21 Cooking “Kolduni” And “Dolma”

Cooking “Kolduni” And “Dolma”

Posted on December 7, 2010 by team

In this post we are going to tell you about two very unusual ways of cooking meat! The first one is “kolduni” – “sorcerers” in English… Why they have such a strange name – we don’t know! Maybe beacause to cook them you need to be a real “kitchen wisard”?!

So, we need: 2 – 2,5 kilos of potatoes, meat(or mincemeat) – 0,5 kilos, two big onions, oil – 100 ml, two tablespoonfuls of flour, salt, pepper and 2 hours of free time!

At first we grind meat (in this case – pork neck) in mincing machine, add pepper and ONE grated onion. Then we mix our mincemeat and temporarily forget about it.

Now we take already peeled potatoes and grate it, using the smallest grater! You can use a kitchen machine if you have one!

The consistence should be like in the photo below. Now we grate there our second onion, add flour and mix everything.

Now we start to fry our “kolduni”…

…add some stuffing on top…

…then paste again…

Now we should turn them upside down, very carefully, using two

Now put our “kolduni” into one big cauldron…

…and cook them in oven(20 minutes, 390 degrees Fahrenheit)


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21 Responses to “Cooking “Kolduni” And “Dolma””

  1. Anna says:

    die liver die!

    dolma is an interesting dish. i dont like it)

  2. Hellahulla says:

    I never get tired of food postings. Gives me lots of inspiration in the kitchen.

  3. FührerBunker.AT says:

    F. Bunker here.


  4. Musa says:

    WOW, those look delicious, more so than the liver.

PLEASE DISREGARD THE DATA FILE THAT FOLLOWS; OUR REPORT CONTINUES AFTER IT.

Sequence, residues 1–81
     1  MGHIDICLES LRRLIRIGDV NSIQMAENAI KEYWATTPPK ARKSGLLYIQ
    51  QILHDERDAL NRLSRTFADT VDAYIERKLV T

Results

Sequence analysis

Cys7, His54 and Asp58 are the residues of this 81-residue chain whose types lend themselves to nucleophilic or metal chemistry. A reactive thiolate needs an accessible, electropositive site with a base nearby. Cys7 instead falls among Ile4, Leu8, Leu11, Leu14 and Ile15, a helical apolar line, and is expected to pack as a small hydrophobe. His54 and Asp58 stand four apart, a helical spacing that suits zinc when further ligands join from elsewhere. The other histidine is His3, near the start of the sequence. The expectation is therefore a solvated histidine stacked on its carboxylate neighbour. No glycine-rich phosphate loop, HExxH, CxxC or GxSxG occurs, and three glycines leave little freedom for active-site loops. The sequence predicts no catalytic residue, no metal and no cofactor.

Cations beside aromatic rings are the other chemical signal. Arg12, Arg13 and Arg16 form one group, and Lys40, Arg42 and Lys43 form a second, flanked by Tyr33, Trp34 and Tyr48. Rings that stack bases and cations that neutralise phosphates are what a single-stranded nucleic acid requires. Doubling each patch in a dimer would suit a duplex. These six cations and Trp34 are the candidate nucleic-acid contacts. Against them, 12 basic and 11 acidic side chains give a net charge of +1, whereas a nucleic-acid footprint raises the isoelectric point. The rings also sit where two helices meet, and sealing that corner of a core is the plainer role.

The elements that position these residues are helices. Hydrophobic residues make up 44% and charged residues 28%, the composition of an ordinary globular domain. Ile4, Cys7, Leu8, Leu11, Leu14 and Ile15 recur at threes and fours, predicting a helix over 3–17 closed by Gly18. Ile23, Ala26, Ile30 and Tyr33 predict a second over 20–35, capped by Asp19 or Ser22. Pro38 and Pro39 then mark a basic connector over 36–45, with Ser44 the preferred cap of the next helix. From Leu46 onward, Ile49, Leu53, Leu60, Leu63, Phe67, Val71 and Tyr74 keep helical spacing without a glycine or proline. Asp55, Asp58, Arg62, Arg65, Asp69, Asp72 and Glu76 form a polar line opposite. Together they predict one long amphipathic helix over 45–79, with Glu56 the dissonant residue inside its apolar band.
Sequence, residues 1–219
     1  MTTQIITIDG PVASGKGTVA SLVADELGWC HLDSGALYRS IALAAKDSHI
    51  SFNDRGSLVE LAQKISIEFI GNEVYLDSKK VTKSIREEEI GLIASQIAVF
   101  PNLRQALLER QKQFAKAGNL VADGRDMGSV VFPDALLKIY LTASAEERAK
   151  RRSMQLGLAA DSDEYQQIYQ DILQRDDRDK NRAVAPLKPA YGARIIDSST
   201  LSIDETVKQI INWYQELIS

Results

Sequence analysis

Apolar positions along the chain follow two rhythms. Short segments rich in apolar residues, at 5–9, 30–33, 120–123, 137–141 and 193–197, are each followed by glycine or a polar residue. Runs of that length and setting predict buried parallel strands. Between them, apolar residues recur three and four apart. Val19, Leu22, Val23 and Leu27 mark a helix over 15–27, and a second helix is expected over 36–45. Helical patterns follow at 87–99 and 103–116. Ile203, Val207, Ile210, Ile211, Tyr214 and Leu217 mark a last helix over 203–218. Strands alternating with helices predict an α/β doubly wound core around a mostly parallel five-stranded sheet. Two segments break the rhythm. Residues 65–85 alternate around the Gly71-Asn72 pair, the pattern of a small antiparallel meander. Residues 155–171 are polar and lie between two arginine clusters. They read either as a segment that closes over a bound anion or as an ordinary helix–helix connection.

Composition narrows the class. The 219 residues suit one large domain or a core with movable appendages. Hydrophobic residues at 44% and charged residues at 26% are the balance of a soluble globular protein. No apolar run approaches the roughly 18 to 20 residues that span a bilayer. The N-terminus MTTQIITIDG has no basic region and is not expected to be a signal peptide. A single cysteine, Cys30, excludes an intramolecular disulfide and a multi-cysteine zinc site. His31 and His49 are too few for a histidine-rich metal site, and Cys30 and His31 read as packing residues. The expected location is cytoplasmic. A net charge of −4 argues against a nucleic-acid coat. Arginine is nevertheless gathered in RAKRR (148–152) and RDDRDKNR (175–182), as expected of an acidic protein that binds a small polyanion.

5. AustriaNOTAustralia says:

    Do russians not eat vegetarian food?

    • Trackball says:

      Of course, we do it. During fasts and Lent.

      • ER says:

        Just to add, with help of Wikipedia – There are four fasting seasons, which include: Great Lent (40 days) and Holy Week (7 days), Nativity Fast (40 days), Apostles’ Fast (variable length), and Dormition Fast (2 weeks). Wednesdays and Fridays are also fast days. Fasting during these times includes abstention from: animal products, all dairy products, and—with the exception of some specific days—fish, cooking oil, and alcoholic beverages, sexuality (where fasting is pre-communion)and evil thoughts.

    • Anna says:

      we do eat vegetarian food) but yeah, most of traditional recepies include meat (soups etc.). but there are veggie recepies as well! for example, “draniki”. or “green soup” with nettle (please pour it over with hot water before putting in your soup). what else. the “svekolnik” soup, which is smth similar with borsh, but without meat. fish cotlets. fish soup – “uha”. no really, we`ve a lot of veggie recepies!)

  6. D says:

    Oh man, Kalduni are the best things ever cooked.

  7. Making your little kolduni things right now. Will report back when all are eaten.

  8. Chris says:

    I’ll be honest, when I try the kolduni recipe I’m putting them in a 400F oven. It would take me way too long to fiddle with the knob to get exactly 390F. :)

  9. Andrey says:

    That looks yummie !

  10. Mark says:

    I thought kolduni were the same as raviolis, or so my soviet/russian mother-in-law says and makes. These DON’T even look like the frozen ones in the bag, either! Yuck!

  11. The dolma also exists in Hungary, especially in the eastern regions.

  12. B says:

    I just made a batch of kolduni tonight for the first time and they turned out delicious. I used ground chuck instead of pork. It’s a pretty forgivable recipe. Came across it here last week, never heard of it before but it looked good, and was.

    I’ve been making Lebanese style Dolma for years, using lamb and allspice. Takes even longer to prepare than kolduni but well worth it.

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